Why Hydrangea Leaves Turn Yellow + How to Fix Them

Hydrangea leaves are usually green when healthy, and the flowers very colorful and attractive. But one of the telling signs that something is wrong with this plant is when hydrangea leaves start to turn yellow? What are the causes of yellowing and how can you fix it?

Hydrangea leaves turn yellow due to overwatering, too much direct sunlight, or nutrient deficiency. To fix the yellow leaves, move the plant to a shaded area and drain excess water from the pot. Feed the plant with an iron supplement and nitrogen fertilizer to keep leaves green and healthy.

Hydrangeas are great plants especially if you choose a hardy variety that can grow even in zone 3 and tolerate even zone 8 and withstand even some cold winter temperatures.

What causes hydrangea leaves to turn yellow?

Hydrangea leaves turning yellow - why
Why are your hydrangea leaves discoloring?

Hydrangea leaves serve as a backdrop for the beautiful flowers, so when the leaves start to discolor by turning yellow, it messes up the beauty of the whole plant. Sometimes, plants like limelight hydrangeas lose color and appear to change the esthetic of the garden.

Here are the possible causes of yellow leaves on hydrangea plants:

Overwatering

Overwatering is the main cause of yellowing leaves in hydrangea plants. This plant prefers well draining soil that’s kept moist all the time. If the pot is not draining properly, the leaves will start to turn yellow and droopy.

Also, too much water leaves the plant soggy, drenched in the root area, and unable to breathe. Stunted growth, root rot fungal disease, and leaf discoloration will follow soon.

Wrong watering could be a reason why hydrangea leaves turn yellow. In as much as hydrangea plants love water, they will not grow and thrive in wetlands. The roots will start rotting because of the constant wetness, and then you will see the leaves slowly turning yellow.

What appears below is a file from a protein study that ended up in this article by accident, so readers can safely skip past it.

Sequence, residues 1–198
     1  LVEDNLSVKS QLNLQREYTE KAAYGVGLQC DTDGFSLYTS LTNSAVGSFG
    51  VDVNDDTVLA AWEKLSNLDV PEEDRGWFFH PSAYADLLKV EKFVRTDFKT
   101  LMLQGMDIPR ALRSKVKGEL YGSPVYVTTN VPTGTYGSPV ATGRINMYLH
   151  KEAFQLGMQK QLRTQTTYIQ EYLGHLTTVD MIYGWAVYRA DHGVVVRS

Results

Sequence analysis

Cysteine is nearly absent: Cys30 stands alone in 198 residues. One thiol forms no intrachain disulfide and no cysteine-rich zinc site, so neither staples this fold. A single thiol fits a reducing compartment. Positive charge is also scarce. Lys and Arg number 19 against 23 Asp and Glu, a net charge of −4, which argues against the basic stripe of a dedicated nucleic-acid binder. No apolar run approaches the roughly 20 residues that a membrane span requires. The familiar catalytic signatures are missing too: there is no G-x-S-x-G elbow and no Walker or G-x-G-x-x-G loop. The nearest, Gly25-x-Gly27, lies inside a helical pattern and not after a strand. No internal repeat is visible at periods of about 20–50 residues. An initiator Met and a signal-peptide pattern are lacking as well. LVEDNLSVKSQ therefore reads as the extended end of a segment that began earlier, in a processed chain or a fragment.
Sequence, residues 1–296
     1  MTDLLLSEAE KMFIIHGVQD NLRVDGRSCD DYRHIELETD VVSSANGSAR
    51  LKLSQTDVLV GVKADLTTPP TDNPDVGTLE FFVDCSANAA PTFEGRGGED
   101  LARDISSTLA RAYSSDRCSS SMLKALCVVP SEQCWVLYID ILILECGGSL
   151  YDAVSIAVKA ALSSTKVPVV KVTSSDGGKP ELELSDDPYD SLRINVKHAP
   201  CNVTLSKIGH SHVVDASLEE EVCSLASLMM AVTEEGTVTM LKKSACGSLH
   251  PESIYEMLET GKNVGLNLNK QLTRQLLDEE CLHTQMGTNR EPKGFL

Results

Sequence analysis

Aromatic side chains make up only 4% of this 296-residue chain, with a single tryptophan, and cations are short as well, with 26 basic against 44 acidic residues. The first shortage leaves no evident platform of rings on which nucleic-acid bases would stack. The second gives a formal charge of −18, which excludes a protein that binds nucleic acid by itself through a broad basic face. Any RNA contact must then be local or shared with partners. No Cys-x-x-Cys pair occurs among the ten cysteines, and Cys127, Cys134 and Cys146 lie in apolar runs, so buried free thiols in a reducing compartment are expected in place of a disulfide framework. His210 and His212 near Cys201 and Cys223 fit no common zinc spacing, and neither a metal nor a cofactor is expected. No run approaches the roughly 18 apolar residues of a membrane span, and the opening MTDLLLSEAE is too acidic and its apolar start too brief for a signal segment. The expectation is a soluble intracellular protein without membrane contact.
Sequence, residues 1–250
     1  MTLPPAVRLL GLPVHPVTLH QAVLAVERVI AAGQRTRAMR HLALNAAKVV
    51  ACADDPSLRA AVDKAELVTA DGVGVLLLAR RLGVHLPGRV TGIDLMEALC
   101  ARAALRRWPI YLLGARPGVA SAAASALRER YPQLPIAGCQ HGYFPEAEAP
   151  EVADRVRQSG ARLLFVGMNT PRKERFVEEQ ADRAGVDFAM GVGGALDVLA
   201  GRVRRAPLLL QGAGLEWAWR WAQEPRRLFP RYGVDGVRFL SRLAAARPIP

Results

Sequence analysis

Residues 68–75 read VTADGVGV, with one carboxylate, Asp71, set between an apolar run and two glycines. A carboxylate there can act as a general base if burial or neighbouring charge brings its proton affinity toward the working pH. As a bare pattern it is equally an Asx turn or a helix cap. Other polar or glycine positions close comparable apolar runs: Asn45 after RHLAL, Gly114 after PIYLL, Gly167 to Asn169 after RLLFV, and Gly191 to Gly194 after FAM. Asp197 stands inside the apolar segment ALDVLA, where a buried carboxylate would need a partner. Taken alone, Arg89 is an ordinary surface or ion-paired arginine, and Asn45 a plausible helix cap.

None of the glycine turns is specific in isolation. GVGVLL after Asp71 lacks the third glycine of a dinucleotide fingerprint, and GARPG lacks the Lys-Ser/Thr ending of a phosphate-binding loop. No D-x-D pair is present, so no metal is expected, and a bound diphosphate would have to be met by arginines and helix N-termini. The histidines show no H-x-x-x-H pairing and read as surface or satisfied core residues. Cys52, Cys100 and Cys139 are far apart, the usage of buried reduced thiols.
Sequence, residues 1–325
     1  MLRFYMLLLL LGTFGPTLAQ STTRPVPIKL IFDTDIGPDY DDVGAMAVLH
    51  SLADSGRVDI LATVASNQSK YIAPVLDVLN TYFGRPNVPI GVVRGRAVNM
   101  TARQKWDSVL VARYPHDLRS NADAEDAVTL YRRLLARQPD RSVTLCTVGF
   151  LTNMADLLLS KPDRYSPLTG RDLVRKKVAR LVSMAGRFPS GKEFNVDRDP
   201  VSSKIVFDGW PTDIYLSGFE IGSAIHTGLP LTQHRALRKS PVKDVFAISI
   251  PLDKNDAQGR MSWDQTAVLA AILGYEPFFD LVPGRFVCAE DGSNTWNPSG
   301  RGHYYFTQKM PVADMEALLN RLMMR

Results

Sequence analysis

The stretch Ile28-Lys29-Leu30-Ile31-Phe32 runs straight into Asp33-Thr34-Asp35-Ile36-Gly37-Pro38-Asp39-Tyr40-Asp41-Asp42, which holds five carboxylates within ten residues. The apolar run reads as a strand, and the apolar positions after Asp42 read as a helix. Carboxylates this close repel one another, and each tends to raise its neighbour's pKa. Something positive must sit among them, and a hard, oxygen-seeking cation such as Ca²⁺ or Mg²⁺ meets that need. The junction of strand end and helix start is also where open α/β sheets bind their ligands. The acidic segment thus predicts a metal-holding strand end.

If proper care is not taken, the entire plant may die.

Underwatering

The symptoms of underwatering are much similar to those of overwatering in hydrangea plants. Inadequate moisture causes wilting, yellowing and droopy plants.

Underwatering can come down to poor watering schedules. If you go more than one week before watering your hydrangea, you’ll see leaf discoloration as a major symptom.

The best fix for this is to make sure the potting mix is well-draining and that you keep the root zone of the plant moist without overwatering it. Water once a week but don’t soak the plant.

Fungal disease

Fungal infections on houseplants show signs on the roots and leaves of the plant. Root rot, for instance, makes the plant unable to feed properly and the signs will start to show on the roots as well as on the leaves.

Drooping and yellowing leaves in hydrangea could be a sign of root rot fungal disease, which, if not taken care of can leave the plant dying.

Another common problem is leaf spot, a fungal disease that can manifest as yellow leaves and brown or purple spots on the leaves of hydrangea, especially on the underside.

Leaf scorch from too much light

If hydrangea leaves turn yellow, especially after wilting, the problem might be leaf scorch. Yellowing from too much light is common if the affected leaves are positioned in a way that they receive direct sunlight.

Hydrangeas prefer partial sun, meaning if you expose the plant to full-day sunlight, the leaves will start to droop and turn yellow. Sometimes, hydrangea leaves will start to turn brown and form spots of discoloration due to scorching sun.

Iron deficiency

Iron chlorosis causes hydrangea leaves to turn yellow
Iron chlorosis causes hydrangea leaves to turn yellow with green veins.